Physical Education Graduate Students’ Perceptions of Institutional and Relational Factors

Gabriella M. Mcloughlin, K. Andrew R. Richards

Research output: Contribution to journalArticlepeer-review


Understanding physical education graduate students’ perceptions of their educational experiences has implications for the design and conduct of training program experiences. Occupational socialization theory presents one perspective through which these experiences can be understood and interpreted. Due to differences in disciplinary norms, specific research related to physical education graduate student socialization is warranted. The purpose of this study was to identify institutional and relational factors that influence graduate student satisfaction and perceptions of program quality. Participants included 90 physical education graduate students (47 female, 43 male) who responded to a cross-sectional online survey that included forced-choice and open-ended questions about their experience with various aspects of graduate education. Data were analyzed using descriptive statistics, multiple linear regression, and moderation analyses. Results indicated that, while perceived program quality and student satisfaction are strongly related, these relationships are moderated by the student’s perception of their academic advisor and research training. These findings align with previous literature and stress the importance of further research into professional development of graduate students.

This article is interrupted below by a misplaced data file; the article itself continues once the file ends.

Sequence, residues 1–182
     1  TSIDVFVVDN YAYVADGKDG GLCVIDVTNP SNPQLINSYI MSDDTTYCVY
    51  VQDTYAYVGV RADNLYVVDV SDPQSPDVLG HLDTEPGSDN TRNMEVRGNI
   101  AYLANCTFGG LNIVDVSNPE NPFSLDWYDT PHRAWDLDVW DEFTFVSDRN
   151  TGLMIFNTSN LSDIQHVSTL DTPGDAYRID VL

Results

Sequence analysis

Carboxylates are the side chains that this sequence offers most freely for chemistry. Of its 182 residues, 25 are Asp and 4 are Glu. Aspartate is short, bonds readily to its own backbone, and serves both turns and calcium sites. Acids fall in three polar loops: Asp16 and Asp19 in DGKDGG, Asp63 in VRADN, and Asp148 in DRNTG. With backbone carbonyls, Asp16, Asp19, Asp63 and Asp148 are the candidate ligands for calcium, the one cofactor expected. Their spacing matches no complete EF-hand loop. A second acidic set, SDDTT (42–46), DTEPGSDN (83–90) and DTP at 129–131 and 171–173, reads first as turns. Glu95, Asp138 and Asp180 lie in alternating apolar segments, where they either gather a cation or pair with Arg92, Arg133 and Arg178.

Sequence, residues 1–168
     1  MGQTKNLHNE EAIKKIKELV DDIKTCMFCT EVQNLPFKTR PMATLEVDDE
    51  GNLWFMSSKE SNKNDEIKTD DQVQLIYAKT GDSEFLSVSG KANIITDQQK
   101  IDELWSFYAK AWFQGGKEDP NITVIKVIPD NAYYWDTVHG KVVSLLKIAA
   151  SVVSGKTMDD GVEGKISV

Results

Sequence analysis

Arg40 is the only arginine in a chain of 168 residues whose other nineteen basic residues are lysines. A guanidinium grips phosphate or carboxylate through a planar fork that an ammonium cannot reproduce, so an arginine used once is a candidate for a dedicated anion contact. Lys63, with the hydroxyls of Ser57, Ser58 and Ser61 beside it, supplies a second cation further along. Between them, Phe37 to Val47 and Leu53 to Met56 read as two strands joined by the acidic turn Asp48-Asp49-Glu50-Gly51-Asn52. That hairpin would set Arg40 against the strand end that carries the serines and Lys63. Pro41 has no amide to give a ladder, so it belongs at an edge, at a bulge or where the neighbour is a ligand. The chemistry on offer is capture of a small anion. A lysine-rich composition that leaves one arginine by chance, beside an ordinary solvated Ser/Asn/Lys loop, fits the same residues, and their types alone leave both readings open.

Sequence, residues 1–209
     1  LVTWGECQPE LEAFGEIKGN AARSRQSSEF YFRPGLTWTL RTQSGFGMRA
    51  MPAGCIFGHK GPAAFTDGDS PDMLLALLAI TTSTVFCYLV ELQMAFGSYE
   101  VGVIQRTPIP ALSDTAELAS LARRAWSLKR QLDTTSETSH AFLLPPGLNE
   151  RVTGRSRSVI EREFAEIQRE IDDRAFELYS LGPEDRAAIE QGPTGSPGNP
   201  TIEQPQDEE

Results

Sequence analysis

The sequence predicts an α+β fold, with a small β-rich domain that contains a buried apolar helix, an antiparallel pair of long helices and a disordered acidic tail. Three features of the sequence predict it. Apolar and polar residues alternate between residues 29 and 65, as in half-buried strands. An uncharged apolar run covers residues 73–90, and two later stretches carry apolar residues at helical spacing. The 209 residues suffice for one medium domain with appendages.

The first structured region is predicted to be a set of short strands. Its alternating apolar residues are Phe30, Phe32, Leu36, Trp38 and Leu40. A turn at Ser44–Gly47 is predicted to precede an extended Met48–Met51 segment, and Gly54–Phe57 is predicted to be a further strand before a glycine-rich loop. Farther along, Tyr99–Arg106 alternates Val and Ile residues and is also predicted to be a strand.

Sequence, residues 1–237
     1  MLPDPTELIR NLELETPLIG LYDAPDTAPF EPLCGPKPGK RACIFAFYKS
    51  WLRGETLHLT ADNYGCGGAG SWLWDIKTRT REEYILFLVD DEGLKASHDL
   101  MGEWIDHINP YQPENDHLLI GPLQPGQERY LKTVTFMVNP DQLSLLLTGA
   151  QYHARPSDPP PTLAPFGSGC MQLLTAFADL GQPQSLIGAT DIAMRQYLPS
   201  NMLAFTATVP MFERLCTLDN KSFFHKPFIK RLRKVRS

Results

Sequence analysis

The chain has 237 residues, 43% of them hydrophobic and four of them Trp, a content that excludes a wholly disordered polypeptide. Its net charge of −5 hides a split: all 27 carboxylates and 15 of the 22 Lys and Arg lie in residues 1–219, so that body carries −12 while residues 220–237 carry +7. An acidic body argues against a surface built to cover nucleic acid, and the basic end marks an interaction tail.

Original languageEnglish (US)
Pages (from-to)75-88
JournalInternational Journal of Kinesiology in Higher Education
Issue number3
StatePublished - Jul 3 2017
Externally publishedYes


  • occupational socialization theory
  • perceptions
  • survey research
  • graduate education


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